Many credit union executives are apolitical and don’t actively fight for or against issues, he said, explaining why so few have gone on record in opposition to the legislation.
The current cap, 12.25% of assets, is plenty of risk for the credit union movement to take on, said the leader of the $66 million institution, especially considering total capital for the industry is around 10%.
Fromma said he’s seen a number of real estate bubbles burst, and the problems are usually in the same parts of the country, the sand states and the industrialized Midwest.
“Then you see these same people calling for more business loans, and you get suspect after awhile,” he said. “Some of those guys that run big credit unions kind of fly by the seat of their pants. Don’t get me wrong, there’s a lot of good ones out there, but it doesn’t take many to tip the scales.”
“I think we all learned a lesson from the corporate system,” he said.
The bank lobby letter also sourced a January 2012 GAO report that determined that failed credit unions had more member business loans as a percentage of assets than the credit union industry. In addition, the report and letter cited that more than 40% of failed credit unions participated in member business lending.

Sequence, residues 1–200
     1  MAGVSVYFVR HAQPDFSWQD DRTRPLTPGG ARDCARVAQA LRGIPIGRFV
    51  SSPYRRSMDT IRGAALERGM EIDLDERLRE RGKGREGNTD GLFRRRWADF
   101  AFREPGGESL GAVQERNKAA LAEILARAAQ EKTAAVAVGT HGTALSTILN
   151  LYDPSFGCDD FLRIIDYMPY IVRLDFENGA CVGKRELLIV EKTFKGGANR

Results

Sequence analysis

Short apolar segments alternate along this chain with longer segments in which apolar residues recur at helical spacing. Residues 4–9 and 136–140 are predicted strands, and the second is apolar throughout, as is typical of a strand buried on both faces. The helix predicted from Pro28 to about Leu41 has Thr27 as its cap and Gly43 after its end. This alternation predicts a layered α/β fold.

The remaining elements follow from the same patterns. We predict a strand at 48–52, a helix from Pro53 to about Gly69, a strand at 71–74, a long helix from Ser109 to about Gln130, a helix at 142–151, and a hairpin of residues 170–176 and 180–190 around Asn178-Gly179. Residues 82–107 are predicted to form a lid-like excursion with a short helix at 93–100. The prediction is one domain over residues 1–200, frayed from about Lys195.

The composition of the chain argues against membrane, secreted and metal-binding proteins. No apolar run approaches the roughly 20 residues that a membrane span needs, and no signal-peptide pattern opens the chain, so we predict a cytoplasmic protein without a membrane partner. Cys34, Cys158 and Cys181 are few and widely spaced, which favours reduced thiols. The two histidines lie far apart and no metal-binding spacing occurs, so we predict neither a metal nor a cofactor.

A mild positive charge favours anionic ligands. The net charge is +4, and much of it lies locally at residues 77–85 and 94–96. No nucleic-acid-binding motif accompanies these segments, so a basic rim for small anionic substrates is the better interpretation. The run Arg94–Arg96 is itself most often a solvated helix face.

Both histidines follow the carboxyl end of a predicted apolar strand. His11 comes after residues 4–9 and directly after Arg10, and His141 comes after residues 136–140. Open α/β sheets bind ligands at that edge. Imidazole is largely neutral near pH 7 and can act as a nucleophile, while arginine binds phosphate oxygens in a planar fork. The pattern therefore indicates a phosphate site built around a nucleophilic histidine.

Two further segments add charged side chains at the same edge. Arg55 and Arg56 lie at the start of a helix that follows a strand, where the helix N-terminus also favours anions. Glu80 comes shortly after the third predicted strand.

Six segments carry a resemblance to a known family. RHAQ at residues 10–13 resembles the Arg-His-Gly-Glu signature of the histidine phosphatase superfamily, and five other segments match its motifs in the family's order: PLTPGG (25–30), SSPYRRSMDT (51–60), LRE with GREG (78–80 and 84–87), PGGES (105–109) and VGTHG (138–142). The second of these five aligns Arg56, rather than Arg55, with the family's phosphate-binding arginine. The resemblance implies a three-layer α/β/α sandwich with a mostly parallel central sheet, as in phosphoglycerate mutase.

Industry consultant Tom Glatt Jr. said according to his research, fears of credit union failures like the Chatsworth, Calif.-based Telesis Credit Union may be unfounded. Glatt said when comparing 11 key financial indicators, credit unions that offer member business loans outperform those that do not.
“When we compare the average HealthScore for credit unions engaged in member business lending versus the entire industry, we see that MBL credit unions have, on average, a healthier operating environment,” Glatt said. “That isn't to say that all CUs engaged in MBLs are healthy. Obviously, some are not. But there is certainly a noticeable performance difference between those CUs that offer MBLs versus the average credit union.”
Based on first-quarter Call Report data, credit unions that offer MBL earned a HealthScore just shy of 3, while those that don’t scored a 2.5, on a scale of 0 to 5, Glatt said. MBL credit unions scored significantly higher in four categories: loans, deposits, earnings and loan to share ratio. Scores for efficiency, delinquencies, charge offs, asset growth and member growth gave a slight edge to MBL credit unions. Operating expense scored evenly between the two, and net worth showed credit unions that don’t offer MBL having a slightly higher rating.
Failed credit unions that offered MBL were in the 10th percentile of the HealthScore matrix, Glatt said.